April 2014
Volume 55, Issue 13
ARVO Annual Meeting Abstract  |   April 2014
Unknown Active Lyme Disease in a Corneal Donor: Two Case Reports
Author Affiliations & Notes
  • Amilia Schrier
    Manhattan Eye Ear and Throat Hospital - Hofstra University at North Shore - LIJ Health System, New York, NM
  • Edward Smith
    Downstate Ophthalmology Associates, New York, NY
  • Sibte Burney
    Kingsbrook Jewish Medical Center, New York, NY
  • Leejee Han Suh
    Columbia University, New York, NY
  • Carrie Zaslow
    Manhattan Eye Ear and Throat Hospital - Hofstra University at North Shore - LIJ Health System, New York, NM
  • Footnotes
    Commercial Relationships Amilia Schrier, None; Edward Smith, None; Sibte Burney, None; Leejee Suh, None; Carrie Zaslow, None
  • Footnotes
    Support None
Investigative Ophthalmology & Visual Science April 2014, Vol.55, 3138. doi:
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      Amilia Schrier, Edward Smith, Sibte Burney, Leejee Han Suh, Carrie Zaslow; Unknown Active Lyme Disease in a Corneal Donor: Two Case Reports. Invest. Ophthalmol. Vis. Sci. 2014;55(13):3138.

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      © ARVO (1962-2015); The Authors (2016-present)

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Purpose: To describe a clinical challenge associated with utilizing donor tissue.

Methods: Retrospective case review of two patients who received corneas from a donor with active Lyme disease (LD).

Results: Two patients, an 84 year old female and a 22 year old female underwent penetrating keratoplasty (PK) at two institutions on the same day. The 34 year old donor was routinely screened; preliminary cause of death was Wolf Parkinson White. Uneventful PKs were performed and standard post-operative courses ensued. Four weeks post PK, the eye bank notified the treating physicians that post-mortem studies of the donor revealed positive Lyme IgM titers, reactive IgG titers and an EIA of 5.86, thought to be strongly positive. History of LD exposure in the donor was subsequently confirmed. Subsequent PCR analysis of the donor by the city’s health department was positive, indicating active Borreliosis at the time of death. The donor’s cause of death was changed to myocarditis due to LD. The recipients were immediately notified and scheduled for infectious disease consults. IgM and IgG titers were drawn and the patients were started on Doxycycline 100mg BID. The patients completed a course of 4-6 weeks of medication. Follow-up titers at 2 months remained negative for LD. They will continue to be monitored for signs of disease.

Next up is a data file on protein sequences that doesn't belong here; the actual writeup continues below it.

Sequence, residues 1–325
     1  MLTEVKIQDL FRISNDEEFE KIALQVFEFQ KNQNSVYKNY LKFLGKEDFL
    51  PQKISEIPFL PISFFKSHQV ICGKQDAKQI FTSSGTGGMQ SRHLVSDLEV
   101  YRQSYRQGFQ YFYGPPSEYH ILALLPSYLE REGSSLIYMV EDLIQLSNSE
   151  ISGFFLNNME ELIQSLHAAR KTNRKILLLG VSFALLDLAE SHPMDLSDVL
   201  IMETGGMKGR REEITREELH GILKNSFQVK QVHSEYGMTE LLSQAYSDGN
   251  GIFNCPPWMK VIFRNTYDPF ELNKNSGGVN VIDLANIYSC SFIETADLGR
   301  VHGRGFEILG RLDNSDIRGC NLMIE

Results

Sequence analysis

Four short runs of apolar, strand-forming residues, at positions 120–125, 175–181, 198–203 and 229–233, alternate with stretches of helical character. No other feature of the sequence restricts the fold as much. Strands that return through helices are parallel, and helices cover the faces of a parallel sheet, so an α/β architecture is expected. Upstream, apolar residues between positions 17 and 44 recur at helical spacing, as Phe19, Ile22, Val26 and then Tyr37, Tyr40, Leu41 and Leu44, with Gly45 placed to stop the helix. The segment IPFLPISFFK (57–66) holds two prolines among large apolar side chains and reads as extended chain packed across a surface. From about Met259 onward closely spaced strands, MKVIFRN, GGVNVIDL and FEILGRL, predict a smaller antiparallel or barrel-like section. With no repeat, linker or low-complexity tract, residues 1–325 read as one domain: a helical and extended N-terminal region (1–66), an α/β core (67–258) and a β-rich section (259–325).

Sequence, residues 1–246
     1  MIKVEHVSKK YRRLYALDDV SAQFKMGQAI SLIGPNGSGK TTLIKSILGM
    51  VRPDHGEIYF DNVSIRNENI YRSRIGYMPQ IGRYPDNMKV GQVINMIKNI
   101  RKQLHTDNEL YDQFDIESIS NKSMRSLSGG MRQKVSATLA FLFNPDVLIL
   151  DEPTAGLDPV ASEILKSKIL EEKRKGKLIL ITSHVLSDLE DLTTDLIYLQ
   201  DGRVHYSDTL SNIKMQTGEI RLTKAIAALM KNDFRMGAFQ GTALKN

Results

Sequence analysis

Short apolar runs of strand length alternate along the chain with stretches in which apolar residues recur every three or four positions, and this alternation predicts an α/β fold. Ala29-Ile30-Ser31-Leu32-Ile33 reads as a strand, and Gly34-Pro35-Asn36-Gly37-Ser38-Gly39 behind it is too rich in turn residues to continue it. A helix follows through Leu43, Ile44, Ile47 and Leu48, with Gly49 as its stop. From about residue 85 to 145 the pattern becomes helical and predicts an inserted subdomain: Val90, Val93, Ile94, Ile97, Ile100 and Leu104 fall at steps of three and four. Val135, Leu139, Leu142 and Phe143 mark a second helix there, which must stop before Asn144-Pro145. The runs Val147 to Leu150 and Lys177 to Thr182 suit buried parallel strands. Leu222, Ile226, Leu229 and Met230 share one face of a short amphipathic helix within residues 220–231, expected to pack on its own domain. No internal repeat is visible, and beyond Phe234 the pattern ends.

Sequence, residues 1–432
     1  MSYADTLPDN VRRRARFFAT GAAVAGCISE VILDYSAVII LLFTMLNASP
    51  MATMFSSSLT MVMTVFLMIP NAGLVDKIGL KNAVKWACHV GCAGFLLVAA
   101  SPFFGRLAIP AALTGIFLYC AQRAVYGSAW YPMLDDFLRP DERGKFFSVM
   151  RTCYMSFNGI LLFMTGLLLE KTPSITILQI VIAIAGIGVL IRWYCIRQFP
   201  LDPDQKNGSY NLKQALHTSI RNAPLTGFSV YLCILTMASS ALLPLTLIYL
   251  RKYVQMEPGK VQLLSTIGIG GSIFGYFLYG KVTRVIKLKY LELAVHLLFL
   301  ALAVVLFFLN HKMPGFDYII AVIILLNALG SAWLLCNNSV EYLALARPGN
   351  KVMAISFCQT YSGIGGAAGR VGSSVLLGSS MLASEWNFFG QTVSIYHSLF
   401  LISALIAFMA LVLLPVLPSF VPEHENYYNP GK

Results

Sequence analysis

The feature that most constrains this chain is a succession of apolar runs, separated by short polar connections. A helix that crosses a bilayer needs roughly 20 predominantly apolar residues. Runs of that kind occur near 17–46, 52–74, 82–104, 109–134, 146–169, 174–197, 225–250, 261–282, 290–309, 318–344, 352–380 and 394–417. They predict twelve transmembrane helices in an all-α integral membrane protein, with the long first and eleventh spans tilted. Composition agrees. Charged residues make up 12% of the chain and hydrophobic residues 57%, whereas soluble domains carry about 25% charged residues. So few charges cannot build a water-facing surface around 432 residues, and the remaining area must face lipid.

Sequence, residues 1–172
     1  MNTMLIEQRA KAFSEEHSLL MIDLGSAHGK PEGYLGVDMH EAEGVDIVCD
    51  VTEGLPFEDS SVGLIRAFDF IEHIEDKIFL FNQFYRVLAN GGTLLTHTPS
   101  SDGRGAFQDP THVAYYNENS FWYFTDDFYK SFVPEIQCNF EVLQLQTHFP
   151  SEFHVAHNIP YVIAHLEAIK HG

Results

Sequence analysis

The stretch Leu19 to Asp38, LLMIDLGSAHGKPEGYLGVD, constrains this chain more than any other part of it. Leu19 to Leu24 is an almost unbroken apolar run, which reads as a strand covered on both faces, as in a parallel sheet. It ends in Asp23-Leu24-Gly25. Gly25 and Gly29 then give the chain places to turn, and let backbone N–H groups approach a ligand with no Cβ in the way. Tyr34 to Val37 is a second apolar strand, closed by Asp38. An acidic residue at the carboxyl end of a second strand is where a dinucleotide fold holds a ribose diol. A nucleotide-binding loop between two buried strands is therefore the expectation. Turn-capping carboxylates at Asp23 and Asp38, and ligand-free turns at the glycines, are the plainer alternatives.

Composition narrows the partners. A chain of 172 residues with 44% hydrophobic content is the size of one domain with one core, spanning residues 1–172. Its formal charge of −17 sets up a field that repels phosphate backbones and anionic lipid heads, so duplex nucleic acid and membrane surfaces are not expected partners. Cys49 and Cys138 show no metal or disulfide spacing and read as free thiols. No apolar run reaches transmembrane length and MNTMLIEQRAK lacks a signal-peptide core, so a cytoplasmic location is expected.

Conclusions: While no known transmission of LD has been reported from PK, Borrelia Burgdorferi has been isolated in human corneas and all donors with known active LD should be excluded. However, in this case, there was no suspicion for LD in the donor at the time of death. This case illustrates a clinical challenge in transplantation and emphasizes the need for an exhaustive medical history and physician-patient communication.

Keywords: 741 transplantation • 479 cornea: clinical science  

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